Two previous Privacy In Focus articles discussed the ongoing litigation between CollegeNet, Inc. and XAP Corporation involving allegations under the Lanham Act of deceptiveness of XAP's privacy promises to users of its service. The Lanham Act, 15 U.S.C. § 1125 (a), creates a private right of action in favor of any person "likely to be damaged" by a "misleading representation of fact" about commercial goods or services. In that context, our earlier pieces discussed the need for clarity in "opt-in" questions used to secure consent to share personal information, and advised that companies should take care to word clearly any opt-in questions that would permit the selling or sharing of personal data (see the September and November 2006 Privacy In Focus issues). A recent ruling granting CollegeNet's motion for permanent injunction against XAP confirms the need for companies to be vigilant about the manner in which they secure consent to share personal data. CollegeNet, Inc. v. XAP Corporation 2008 U.S. Dist. Lexis 32344 (D. Ore.). Perhaps even more importantly, the ruling highlights the potential utility of the Lanham Act for private business plaintiffs harmed by a competitor's misleading privacy practices.

Litigation Background

CollegeNet and XAP offer online college admission application services to prospective students, colleges and universities. Their business models differ in that CollegeNet requires colleges to pay a fee for inclusion in its services, while XAP does not. Instead, XAP receives payments from state agencies, departments of education, banks and other lending institutions. These institutions pay XAP in exchange for students' personal data, which they use to target students for marketing educational loans.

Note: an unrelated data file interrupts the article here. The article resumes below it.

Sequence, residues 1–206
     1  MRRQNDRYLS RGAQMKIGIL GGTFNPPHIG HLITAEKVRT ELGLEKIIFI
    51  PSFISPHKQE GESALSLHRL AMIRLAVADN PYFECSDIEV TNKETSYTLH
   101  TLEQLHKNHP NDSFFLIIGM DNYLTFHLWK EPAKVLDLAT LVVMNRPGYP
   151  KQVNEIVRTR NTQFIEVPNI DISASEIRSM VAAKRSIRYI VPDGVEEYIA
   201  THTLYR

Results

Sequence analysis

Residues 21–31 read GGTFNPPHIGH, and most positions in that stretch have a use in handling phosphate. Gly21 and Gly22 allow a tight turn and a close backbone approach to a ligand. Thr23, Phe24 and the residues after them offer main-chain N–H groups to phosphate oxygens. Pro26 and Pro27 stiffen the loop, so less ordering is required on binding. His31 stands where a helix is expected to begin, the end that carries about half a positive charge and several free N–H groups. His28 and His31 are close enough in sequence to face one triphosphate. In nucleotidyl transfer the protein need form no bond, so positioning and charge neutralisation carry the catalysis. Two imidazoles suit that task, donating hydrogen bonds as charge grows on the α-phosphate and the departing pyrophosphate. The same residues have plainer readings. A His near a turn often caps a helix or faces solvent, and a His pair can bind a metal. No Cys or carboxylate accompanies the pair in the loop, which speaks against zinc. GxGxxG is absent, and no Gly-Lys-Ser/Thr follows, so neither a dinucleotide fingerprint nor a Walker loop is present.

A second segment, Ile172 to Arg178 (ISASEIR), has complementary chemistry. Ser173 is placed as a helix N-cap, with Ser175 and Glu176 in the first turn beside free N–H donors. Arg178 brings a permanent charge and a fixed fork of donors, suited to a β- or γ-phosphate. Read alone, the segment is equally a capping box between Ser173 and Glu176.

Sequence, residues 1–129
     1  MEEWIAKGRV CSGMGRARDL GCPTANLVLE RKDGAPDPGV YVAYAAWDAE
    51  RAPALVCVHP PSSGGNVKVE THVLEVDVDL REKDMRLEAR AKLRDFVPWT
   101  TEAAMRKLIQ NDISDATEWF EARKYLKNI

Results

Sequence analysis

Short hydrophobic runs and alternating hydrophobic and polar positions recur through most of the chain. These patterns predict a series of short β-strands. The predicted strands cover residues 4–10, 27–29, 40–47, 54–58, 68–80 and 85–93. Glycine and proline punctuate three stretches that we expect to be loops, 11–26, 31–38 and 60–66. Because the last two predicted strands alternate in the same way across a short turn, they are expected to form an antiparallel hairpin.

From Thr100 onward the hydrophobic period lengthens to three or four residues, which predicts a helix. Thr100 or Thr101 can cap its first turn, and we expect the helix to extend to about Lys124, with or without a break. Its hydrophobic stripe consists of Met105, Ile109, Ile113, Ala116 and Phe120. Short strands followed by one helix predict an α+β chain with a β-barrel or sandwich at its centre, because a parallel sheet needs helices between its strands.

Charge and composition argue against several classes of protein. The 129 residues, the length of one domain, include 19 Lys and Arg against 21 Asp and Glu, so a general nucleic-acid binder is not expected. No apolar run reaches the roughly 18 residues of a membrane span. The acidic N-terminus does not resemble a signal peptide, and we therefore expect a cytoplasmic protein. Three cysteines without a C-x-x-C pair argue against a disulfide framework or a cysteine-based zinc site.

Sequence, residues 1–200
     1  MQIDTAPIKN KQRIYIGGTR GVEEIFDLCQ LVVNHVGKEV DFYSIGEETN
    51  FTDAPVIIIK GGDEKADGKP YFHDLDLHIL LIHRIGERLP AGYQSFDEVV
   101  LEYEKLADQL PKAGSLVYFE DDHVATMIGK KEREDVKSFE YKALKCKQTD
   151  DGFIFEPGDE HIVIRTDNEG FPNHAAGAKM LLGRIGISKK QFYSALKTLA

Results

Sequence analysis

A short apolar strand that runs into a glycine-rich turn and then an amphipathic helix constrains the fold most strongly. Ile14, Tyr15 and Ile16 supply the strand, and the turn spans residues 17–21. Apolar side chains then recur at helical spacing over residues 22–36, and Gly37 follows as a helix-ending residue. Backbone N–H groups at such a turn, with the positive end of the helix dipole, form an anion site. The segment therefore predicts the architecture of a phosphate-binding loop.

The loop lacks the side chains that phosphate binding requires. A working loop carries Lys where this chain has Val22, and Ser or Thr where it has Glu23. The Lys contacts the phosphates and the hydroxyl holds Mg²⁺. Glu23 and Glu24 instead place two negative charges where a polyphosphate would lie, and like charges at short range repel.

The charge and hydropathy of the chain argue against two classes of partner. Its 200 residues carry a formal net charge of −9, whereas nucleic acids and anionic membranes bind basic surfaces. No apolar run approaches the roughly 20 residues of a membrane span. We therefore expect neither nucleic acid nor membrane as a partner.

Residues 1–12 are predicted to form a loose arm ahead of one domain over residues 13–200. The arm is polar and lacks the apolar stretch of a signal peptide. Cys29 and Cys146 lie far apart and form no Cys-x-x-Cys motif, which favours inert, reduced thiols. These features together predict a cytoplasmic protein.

The litigation between CollegeNet and XAP centered around a representation in XAP's website privacy policy that "[p]ersonal data entered by the User will not be released to third parties without the user's express consent and direction." However, XAP also asked the following question: "Are you interested in receiving information about student loans or financial aid?" If a user answered "yes" to this question, XAP would treat that as consent for it to provide commercial institutions with the user's personal data for a fee.

CollegeNet brought a claim against XAP for unfair competition under the Lanham Act asserting that this conduct amounted to unfair competition because XAP falsely assured customers that confidential information would not be disclosed, when in reality it shared the personal information of those who affirmatively answered the vague opt-in question. A jury found in favor of CollegeNet, concluding that XAP deceptively obtained and sold the personal information of students in contravention of its representation that it would not release personal information to third parties without students' express permission. In an advisory verdict, the jury set the unfair competition damages suffered by CollegeNet at $4.5 million. The court adopted the jury's advisory verdict and also found XAP's unfair competition to be willful, thus constituting sufficient exceptional circumstances to justify awarding attorneys' fees to CollegeNet.

The Permanent Injunction